3 instanceof Number
'foo' instanceof String
true instanceof Boolean
\noindent However, these are all true:
[] instanceof Array
({}) instanceof Object
[] instanceof Object // Array inherits from Object
/foo/ instanceof RegExp // regular expressions are always boxed
(function () {}) instanceof Function
One way to work around the first problem is to wrap primitives:
new Number(3) instanceof Number // true
new String('foo') instanceof String // also true
new Boolean(true) instanceof Boolean // also true
In general, {\tt (new x.constructor(x) instanceof x.constructor)} will be true for all primitive {\tt x}. However, this doesn't hold for {\tt null} or {\tt undefined}. These will throw
errors if you ask for their constructors, and as far as I know are never returned from the result of a constructor invocation (using {\tt new}, that is).
- Browser incompatibilities
Generally browsers since IE6 have good compatibility for core language stuff. One notable exception, however, is an IE bug that affects \verb|String.split|:
var xs = 'foo bar bif'.split (/(\s+)/);
xs // on reasonable browsers: ['foo', ' ', 'bar', ' ', 'bif']
xs // on IE: ['foo', 'bar', 'bif']
A more subtle bug that took me several hours to find is that IE6 also doesn't return functions from \verb|eval()|:
var f = eval('function() {return 5}');
f() // on reasonable browsers: 5
f() // on IE6: 'Object expected' (because f is undefined)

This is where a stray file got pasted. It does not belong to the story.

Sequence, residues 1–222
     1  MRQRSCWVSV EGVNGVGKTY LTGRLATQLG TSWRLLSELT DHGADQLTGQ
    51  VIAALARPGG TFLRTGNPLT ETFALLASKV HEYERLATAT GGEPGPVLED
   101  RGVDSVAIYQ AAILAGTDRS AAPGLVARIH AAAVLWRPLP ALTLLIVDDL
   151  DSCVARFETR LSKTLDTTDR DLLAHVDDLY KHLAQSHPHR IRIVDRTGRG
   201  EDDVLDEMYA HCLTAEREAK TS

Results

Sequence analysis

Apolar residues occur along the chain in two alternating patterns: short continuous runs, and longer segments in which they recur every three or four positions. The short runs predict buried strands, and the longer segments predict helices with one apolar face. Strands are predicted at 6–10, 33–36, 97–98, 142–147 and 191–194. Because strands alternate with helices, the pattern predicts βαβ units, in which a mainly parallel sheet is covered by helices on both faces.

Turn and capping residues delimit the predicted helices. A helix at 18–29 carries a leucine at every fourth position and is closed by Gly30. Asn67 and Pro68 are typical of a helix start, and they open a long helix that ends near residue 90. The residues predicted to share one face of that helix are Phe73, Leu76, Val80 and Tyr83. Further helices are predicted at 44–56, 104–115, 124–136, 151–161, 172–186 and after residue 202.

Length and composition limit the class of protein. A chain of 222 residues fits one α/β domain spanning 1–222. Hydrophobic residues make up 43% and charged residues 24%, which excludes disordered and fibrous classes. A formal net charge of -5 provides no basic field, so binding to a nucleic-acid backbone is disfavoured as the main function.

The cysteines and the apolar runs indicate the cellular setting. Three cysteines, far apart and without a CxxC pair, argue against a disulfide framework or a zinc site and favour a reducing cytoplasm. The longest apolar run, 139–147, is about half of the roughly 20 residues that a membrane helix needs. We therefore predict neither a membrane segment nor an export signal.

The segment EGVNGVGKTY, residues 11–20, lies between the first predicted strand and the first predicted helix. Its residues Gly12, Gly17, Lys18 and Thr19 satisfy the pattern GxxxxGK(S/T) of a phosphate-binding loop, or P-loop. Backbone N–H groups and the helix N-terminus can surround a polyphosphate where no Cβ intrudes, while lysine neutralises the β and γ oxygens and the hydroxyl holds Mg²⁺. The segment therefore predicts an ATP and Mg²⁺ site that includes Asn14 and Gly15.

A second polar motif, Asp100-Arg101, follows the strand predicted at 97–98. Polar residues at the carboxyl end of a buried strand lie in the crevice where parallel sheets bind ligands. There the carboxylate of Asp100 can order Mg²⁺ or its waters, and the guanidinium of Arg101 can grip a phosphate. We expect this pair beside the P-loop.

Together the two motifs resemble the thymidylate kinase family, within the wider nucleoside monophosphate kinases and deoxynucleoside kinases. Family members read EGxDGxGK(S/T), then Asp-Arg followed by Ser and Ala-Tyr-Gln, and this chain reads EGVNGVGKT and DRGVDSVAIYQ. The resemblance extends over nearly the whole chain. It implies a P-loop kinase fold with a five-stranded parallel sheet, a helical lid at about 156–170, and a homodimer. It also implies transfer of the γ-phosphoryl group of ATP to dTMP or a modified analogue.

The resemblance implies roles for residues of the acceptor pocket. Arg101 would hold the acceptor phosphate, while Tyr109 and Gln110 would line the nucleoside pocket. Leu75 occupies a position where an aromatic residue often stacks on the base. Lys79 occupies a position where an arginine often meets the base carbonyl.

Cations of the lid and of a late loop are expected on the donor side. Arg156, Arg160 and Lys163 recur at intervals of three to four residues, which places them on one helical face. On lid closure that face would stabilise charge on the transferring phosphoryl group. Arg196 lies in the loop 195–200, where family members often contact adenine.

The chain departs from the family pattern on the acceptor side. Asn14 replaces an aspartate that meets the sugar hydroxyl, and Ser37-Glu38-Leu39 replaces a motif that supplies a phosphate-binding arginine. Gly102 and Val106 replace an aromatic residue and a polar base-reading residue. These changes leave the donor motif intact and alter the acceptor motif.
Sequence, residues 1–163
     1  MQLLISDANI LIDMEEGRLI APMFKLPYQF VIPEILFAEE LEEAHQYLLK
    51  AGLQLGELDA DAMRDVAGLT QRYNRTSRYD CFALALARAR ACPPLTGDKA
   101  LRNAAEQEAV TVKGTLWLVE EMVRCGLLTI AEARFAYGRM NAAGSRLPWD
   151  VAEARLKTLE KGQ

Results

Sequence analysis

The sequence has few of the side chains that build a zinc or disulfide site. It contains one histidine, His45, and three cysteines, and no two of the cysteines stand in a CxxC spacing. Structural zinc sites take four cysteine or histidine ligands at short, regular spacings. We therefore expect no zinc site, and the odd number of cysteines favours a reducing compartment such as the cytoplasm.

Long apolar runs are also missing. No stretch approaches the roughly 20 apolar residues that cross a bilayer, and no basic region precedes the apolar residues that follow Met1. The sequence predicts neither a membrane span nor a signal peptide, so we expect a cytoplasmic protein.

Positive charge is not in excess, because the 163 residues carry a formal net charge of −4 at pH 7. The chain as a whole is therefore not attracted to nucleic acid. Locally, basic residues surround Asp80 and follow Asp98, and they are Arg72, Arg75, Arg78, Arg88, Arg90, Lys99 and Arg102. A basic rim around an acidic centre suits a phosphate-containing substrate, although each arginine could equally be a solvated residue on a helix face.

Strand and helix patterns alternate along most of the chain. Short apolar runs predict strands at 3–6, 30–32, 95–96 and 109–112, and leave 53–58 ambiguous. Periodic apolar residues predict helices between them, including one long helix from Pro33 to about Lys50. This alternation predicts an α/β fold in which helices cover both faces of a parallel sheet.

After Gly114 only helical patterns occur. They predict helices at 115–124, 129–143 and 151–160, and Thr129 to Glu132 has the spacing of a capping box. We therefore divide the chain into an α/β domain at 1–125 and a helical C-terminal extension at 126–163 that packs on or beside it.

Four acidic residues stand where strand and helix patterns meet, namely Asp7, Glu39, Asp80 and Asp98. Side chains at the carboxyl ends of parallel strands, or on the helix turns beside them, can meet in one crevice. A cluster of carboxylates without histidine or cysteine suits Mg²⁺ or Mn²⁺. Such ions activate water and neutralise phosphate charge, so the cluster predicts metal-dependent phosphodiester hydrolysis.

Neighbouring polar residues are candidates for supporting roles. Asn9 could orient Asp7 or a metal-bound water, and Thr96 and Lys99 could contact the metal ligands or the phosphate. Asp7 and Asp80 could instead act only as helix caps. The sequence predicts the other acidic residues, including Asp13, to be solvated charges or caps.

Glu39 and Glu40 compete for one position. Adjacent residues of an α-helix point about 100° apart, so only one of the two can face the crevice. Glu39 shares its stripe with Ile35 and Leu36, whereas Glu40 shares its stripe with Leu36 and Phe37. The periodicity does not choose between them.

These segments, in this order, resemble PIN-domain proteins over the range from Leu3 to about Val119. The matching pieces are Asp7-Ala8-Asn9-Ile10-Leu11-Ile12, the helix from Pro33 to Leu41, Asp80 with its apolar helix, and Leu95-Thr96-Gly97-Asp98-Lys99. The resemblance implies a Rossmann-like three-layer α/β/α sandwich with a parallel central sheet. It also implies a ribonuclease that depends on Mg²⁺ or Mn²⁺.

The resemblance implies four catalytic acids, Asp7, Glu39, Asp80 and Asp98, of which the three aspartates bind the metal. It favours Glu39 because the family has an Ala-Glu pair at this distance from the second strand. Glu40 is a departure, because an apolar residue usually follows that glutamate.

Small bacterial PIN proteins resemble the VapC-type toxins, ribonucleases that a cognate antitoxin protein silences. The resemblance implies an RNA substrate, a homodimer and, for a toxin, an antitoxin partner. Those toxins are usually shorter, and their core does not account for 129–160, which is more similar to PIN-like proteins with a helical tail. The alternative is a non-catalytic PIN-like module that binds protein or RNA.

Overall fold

I'm sure there are other similar bugs out there, though the most common ones to cause problems are generally in the DOM.\footnote{jQuery is your friend here. It's branded as a Javascript
library, but in fact it's a set of enhancements to the DOM to (1) achieve a uniform cross-browser API, and (2) make it easier to retrieve and manipulate nodes.}
- Prototypes
I used to have a very anti-OOP comment here, but considering that I occasionally use prototypes I removed it. Despite my obvious and probably unfair vendetta against Javascript's linguistic
compromises to pander to Java-inspired marketing pressure,\footnote{Hence its name, {\it Java}script, despite all of the dissimilarities.} prototype-based programming can be useful on
occasion. This section contains my subjective and biased view of it.
Whenever you define a function, it serves two purposes. It can be what every normal programmer assumes a function is -- that is, it can take values and return values, or it can be a
mutant instance-generating thing that does something completely different. Here's an example:
// A normal function:
var f = function (x) {return x + 1};
f (5) // => 6
This is what most people expect. Here's the mutant behavior that no rational person would ever imagine:
// A constructor function
var f = function (x) {this.x = x + 1}; // no return!
var i = new f (5); // i.x = 6
The following things are true at this point:
i.constructor === f
i.__proto__ === i.constructor.prototype // on Firefox, anyway
i instanceof f
typeof i === 'object'
The \verb|new| keyword is just a right-associative (prefix) unary operator, so you can instantiate things first-class:
var x = 5;
new x.constructor (); // Creates a boxed version of x, regardless of what x is
new new Function('x', 'this.x = 5');
If you are going to program using this questionable design pattern, then you'll probably want to add methods to things:\footnote{This section used to say that {\tt i.x} would evaluate to
{\tt 7}. That isn't true though. It's actually 6, as indicated. (Thanks to Daniel Gasparotto for pointing this out.)}